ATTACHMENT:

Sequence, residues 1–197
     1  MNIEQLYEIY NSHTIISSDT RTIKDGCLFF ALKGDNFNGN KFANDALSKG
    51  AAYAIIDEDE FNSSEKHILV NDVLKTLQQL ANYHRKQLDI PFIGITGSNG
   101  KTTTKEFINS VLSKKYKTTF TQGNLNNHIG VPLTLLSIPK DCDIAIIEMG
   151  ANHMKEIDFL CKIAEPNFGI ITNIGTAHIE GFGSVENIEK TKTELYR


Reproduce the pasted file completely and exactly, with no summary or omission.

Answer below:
Sequence, residues 1–197
     1  MNIEQLYEIY NSHTIISSDT RTIKDGCLFF ALKGDNFNGN KFANDALSKG
    51  AAYAIIDEDE FNSSEKHILV NDVLKTLQQL ANYHRKQLDI PFIGITGSNG
   101  KTTTKEFINS VLSKKYKTTF TQGNLNNHIG VPLTLLSIPK DCDIAIIEMG
   151  ANHMKEIDFL CKIAEPNFGI ITNIGTAHIE GFGSVENIEK TKTELYR